When we tried to rally the chickens back into the coop for the first time one got scared and ran right through the chain webbing! So I'd be careful about that. Maybe section off the majority of the run for their first time out just so they don't get to overwhelmed. Or leave it all for them to wander in and stay out there with them just to give them a familiar face so they're not to scared. But I might wait a few days before letting them out, though that's just so they instill the coop as their home and go back to the coop when they get scared and just give them a place to go that they'll be comfortable in.

post #5 of 6

I beg to differ about the sand issue. I've never heard of sand being associated with lead poisoning, but I suppose it's possible if there happens to be lead in the soil around your place from old buildings. However, clean builders sand isn't going to harm chickens. I've been using it in my run for eight years, and my chicks are being brooded on it right this minute.

 

When I installed my chicks, one day old, in their outdoor brooding pen, they went nuts eating sand, ignoring their fermented feed. This was far from being my first chicks brooded on sand, so I knew this was going to be short-lived, and it was. They suffered no ill effects and began eating their feed the next day. They are now two weeks old and doing just great. I didn't let the grit they had ingested go to waste, either. They got introduced to meal worms on their third day, another "rule" I happily break. Chicks know how much grit they need, and consume it. Sand is a handy substitute for store bought grit.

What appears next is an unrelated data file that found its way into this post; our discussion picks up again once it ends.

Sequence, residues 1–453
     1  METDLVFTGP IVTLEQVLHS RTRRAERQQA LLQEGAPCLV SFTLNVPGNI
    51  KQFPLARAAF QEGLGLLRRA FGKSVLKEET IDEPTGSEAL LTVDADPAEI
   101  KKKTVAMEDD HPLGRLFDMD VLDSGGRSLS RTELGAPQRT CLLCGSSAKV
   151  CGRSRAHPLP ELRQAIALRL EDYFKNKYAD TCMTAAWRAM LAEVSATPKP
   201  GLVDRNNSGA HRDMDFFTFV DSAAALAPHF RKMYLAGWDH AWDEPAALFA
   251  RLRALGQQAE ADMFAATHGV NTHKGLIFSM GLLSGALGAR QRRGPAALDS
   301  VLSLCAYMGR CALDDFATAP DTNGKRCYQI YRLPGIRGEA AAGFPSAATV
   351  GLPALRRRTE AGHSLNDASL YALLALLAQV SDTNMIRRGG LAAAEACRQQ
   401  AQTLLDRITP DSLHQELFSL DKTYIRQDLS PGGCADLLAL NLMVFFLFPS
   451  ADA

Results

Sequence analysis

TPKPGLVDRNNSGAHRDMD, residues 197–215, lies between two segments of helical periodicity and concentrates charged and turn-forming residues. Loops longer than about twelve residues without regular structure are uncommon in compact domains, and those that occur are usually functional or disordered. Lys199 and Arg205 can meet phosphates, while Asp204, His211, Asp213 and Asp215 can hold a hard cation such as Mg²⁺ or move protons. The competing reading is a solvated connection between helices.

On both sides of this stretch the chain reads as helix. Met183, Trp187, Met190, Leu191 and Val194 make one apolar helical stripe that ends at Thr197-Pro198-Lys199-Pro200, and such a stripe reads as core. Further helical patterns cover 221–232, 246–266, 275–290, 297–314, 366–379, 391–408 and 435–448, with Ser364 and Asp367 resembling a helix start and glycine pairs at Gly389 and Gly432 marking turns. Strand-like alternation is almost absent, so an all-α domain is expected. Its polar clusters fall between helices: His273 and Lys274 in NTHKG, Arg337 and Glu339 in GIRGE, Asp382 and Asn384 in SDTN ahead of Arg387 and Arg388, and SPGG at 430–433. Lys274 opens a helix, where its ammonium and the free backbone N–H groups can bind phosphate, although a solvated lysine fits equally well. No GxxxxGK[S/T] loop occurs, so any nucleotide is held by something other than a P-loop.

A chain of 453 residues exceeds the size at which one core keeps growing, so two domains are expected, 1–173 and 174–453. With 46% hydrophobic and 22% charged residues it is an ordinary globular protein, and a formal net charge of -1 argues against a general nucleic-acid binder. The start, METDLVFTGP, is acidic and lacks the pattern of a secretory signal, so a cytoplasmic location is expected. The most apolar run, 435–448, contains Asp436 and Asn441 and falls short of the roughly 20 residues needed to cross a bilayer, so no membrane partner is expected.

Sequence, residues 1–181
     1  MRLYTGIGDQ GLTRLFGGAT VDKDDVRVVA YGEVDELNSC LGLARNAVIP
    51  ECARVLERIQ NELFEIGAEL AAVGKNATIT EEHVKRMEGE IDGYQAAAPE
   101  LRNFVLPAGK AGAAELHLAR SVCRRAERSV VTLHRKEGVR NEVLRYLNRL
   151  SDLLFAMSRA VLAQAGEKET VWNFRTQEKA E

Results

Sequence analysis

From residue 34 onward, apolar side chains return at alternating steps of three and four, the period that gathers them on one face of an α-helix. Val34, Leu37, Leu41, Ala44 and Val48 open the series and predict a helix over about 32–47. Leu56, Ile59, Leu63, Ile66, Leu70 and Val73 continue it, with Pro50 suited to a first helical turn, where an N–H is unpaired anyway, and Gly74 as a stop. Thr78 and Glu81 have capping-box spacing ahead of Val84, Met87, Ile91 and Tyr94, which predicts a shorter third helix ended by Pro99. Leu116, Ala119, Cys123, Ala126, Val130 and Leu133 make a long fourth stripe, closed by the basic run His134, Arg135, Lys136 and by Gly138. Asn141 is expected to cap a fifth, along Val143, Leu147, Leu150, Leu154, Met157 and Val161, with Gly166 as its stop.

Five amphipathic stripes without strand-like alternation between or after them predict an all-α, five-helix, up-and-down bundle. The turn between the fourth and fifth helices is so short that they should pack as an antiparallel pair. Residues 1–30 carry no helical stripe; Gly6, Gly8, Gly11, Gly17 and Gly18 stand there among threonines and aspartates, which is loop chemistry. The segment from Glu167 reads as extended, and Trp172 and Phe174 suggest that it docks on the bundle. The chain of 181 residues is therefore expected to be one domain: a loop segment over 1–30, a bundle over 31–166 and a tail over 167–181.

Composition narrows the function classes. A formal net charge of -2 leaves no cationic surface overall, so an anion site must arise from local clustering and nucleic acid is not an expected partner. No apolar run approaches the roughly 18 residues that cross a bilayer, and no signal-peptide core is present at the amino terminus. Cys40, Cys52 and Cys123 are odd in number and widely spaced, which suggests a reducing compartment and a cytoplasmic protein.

I will be transitioning them to the coop in another two weeks. All I do is move them in one night, and in the morning, I open the pop hole and show them how to come out into the run. The first night after that, I need to teach them to go into the coop to sleep. I get inside the coop with a flash light and coax them inside with their favorite treat - meal worms.

 

The second night, I need to coax them in again, but by the third night, they usually go in on their own. My chicks don't need to be cooped up since I teach them to go in and out. It's easy, doesn't take long, and they are putting themselves in the coop by age five weeks, and roosting, too.

post #6 of 6

I completely understand your reasoning behind being for sand in coops but putting it and no other bedding raises problems in my mind. I worry about the chicks running around on the loose sand, sure it won't hurt them that much but there are better options. It reminds me off kitty litter, and that's just wrong to me. Honestly, sand doesn't pose many sure-fire backed up threats in my mind but somehow it just seems odd. Sand isn't something chickens would encounter very often if they lived in the wild and something that gets me answers to the questions I ask myself is how native that food or element would be to a wild chicken. It seems strange to me, I don't mean to offend. I wouldn't want to give my birds anything that even has the possibility of poisoning them or not making them as hardy as they could be. It seems hard to clean and expensive to buy, not a very practical option to me. Plus we have our Silkie chicks with a heat lamp, and more to come, I feel like the sand would heat up fairly quickly and make it too hot for them. Personally for my lifestyle, the cons outweigh the pros. We use our dirty bedding for composting our gardens and lawns.I have no idea what we'd do with poopy sand or how we would scoop out our big coops.